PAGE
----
Thank you for submitting questions for this week’s Vikings mailbag. More questions can be sent to @Andrew_Krammer on Twitter or firstname.lastname@example.org. Let’s get to it.
From @JoelStegman: With COVID-19 potentially knocking out players for multiple weeks during the season, where would the Vikings be in the most danger if a starter had to miss time due to getting the virus? (aside from QB)
AK: I’d say even with Justin Jefferson falling to No. 22 in the draft, Adam Thielen’s health feels important this season. Trading Stefon Diggs to Buffalo furthers an experience gap in the receiver room, which added the ex-Titan Tajae Sharpe in free agency. Mike Zimmer’s defense appears thinner at end, where the departures of Everson Griffen and Stephen Weatherly were replaced with Anthony Zettel and rookie D.J. Wonnum. Ifeadi Odenigbo will take another step forward, but put bubble wrap on Danielle Hunter until Sept. 13 against Green Bay.
From Elliott (email): What’s the holdup with Dalvin’s extension? And what do you expect from a market perspective?
AK: Currently, Tuesday is the deadline for Dalvin Cook to report to training camp, or risk not becoming an unrestricted free agent next spring. Cook understandably wants to be rewarded after what was really a 10-game tear atop the NFL before injuries. But the prudent move might be reporting to camp and then continuing negotiations. The most recent move to note is Derrick Henry’s four-year, $50 million deal ($12.5 million/year) in Tennessee, which had to make the Vikings happy. Henry’s deal is closer to the team’s preference than Christian McCaffery’s $16 million per year in Carolina. The Vikings can structure a Cook extension without eating a huge chunk of this year’s salary cap, but it’s also worth noting future caps are expected to shrink due to this year’s revenue shortfall. With that said, Minnesota currently has $12,231,013 in cap space, according to NFLPA data.
From @jtlaurie: Who do you see as the front runners for the starting offensive line? Any chance you think the Vikings try to swing a deal to add another player to the roster?
AK: As the roster sits now, left tackle Riley Reiff, left guard Pat Elflein, center Garrett Bradbury, right guard Dakota Dozier and right tackle Brian O’Neill. But the Vikings have seven weeks to change the roster before the scheduled season opener, and it’s possible as guards Larry Warford, Ronald Leary and Josh Kline, cut this spring for cap purposes, are still free agents.
From Ryan (email): What does your Vikings Mount Rushmore look like?
AK: Randy Moss. It has to start with the most electric player in NFL history. The 21-year-old rookie Moss had 17 touchdowns in 1998 (next closest are 12 TDs at age 21 by Odell Beckham Jr., Mike Evans and … Mike Ditka, according to Pro Football Reference). The next obvious choice is Alan Page, the 1971 NFL MVP and first defensive player to win the award. Page has achieved even more off the field. Next is Randall McDaniel, the only Vikings player with more Pro Bowl selections than Page (9) with 11. The stalwart left guard was among the rarest of athletes and someone Vikings fans today could appreciate for holding down a vital position to near perfection. The final spot is tough, but the nod goes to Carl Eller, the other Purple People Eater in the Hall of Fame. That defense remains historically great, with three of the top four seasons in NFL history in ratio of touchdowns allowed to punts/turnovers.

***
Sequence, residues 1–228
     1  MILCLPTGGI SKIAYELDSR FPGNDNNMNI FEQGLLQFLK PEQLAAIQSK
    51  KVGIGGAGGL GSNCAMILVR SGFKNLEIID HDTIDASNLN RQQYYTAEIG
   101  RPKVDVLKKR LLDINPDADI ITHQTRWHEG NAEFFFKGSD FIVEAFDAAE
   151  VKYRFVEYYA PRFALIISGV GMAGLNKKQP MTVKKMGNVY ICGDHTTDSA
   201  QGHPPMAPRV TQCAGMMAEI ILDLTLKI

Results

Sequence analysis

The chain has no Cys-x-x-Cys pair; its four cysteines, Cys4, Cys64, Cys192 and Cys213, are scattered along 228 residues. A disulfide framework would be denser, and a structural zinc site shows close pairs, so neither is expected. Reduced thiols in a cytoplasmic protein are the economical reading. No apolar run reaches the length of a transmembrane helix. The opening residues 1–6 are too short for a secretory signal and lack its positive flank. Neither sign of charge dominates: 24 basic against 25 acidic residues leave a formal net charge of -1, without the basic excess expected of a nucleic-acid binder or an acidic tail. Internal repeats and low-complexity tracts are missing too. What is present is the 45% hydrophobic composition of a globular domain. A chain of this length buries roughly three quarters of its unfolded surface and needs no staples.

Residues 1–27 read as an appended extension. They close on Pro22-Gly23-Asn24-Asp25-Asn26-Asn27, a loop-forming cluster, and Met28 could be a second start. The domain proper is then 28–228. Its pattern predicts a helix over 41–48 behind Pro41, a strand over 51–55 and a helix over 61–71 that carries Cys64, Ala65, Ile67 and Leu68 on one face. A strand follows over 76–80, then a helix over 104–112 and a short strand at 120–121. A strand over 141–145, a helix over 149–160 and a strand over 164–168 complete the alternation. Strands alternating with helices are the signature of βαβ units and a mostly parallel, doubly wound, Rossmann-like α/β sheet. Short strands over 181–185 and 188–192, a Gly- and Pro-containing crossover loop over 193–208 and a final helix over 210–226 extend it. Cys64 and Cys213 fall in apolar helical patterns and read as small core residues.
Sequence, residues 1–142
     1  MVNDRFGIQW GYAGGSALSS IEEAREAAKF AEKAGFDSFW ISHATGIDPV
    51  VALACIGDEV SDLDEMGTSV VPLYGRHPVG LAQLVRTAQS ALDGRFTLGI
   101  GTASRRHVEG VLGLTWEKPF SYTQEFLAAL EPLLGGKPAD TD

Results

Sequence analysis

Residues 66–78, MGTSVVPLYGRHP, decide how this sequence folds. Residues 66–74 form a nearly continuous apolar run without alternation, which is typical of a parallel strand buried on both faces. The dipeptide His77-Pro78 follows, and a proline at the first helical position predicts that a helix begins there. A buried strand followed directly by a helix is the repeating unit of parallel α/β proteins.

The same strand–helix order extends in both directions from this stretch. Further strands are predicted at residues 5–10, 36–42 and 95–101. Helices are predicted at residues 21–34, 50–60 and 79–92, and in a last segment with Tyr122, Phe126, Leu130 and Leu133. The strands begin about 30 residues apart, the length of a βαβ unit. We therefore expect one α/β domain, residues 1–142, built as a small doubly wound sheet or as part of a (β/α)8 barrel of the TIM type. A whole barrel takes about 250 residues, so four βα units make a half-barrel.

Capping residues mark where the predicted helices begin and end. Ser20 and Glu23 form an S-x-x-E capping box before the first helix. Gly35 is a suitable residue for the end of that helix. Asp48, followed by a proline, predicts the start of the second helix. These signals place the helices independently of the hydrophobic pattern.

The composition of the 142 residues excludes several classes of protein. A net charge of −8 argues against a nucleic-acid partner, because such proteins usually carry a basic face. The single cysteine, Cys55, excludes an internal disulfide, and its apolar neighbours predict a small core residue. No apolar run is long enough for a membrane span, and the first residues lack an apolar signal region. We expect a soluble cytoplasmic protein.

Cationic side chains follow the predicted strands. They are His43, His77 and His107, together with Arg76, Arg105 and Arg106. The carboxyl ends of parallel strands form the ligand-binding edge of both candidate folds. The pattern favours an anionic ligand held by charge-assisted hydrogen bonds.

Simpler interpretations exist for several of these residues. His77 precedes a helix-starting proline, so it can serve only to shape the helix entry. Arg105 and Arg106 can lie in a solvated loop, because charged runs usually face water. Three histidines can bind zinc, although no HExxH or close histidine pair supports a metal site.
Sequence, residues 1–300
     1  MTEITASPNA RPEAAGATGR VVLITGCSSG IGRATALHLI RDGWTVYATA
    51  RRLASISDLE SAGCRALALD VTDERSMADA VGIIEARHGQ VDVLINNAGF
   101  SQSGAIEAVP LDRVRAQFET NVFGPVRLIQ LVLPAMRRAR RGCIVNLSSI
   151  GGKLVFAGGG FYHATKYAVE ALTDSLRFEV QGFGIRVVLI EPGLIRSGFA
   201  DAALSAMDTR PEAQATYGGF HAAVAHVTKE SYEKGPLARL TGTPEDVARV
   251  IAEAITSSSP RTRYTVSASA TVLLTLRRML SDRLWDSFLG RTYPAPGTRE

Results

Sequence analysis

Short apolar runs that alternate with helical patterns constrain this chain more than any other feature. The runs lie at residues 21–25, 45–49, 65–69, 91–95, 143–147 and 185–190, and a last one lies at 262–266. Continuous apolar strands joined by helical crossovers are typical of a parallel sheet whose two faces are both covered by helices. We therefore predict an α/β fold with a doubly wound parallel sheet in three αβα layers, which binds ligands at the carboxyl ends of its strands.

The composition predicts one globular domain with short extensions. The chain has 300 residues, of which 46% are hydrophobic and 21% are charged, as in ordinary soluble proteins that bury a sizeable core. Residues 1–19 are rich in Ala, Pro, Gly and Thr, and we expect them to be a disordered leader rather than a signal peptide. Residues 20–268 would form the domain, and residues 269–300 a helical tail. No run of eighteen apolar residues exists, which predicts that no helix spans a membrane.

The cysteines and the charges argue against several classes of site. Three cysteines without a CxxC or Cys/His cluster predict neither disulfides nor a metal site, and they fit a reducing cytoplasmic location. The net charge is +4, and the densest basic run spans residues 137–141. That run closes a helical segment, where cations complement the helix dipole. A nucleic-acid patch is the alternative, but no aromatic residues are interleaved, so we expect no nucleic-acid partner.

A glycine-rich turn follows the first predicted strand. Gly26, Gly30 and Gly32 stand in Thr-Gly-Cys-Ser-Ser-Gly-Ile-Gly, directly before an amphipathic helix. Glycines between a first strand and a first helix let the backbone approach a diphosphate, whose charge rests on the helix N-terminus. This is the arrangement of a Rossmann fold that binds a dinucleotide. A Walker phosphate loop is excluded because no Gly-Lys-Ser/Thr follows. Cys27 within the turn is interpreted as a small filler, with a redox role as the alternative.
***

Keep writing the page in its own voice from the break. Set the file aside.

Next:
From @ornelas_edward: From a fan’s perspective, it feels like Spielman and Zimmer are entering a prove-it year. Is that the same feeling in the organization? Also, If they are in a prove-it year, what would be considered a good enough year for them to be extended?
AK: Just as Zimmer and the Vikings are finalizing a multi-year contract extension this week, the safe bet is the same will happen for general manager Rick Spielman, whose contract is set to expire after 2020 without a new deal. If Zimmer signed a three-year deal, expect the same for Spielman, too, for the Wilfs to keep the organization in lockstep. But as anybody in the NFL world knows, that doesn’t mean changes can’t be made if progress isn’t continued. Spielman and the front office have had their chance to remake the roster this offseason, and now Zimmer and his coaching staff get their shot under the most unique circumstances.